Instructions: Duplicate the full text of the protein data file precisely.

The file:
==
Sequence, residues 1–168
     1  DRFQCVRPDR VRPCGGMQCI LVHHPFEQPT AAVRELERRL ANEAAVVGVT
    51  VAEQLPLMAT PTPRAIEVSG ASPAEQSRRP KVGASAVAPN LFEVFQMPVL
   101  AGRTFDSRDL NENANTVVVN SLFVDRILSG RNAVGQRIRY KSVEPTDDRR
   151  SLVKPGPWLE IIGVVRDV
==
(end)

Sequence, residues 1–168
     1  DRFQCVRPDR VRPCGGMQCI LVHHPFEQPT AAVRELERRL ANEAAVVGVT
    51  VAEQLPLMAT PTPRAIEVSG ASPAEQSRRP KVGASAVAPN LFEVFQMPVL
   101  AGRTFDSRDL NENANTVVVN SLFVDRILSG RNAVGQRIRY KSVEPTDDRR
   151  SLVKPGPWLE IIGVVRDV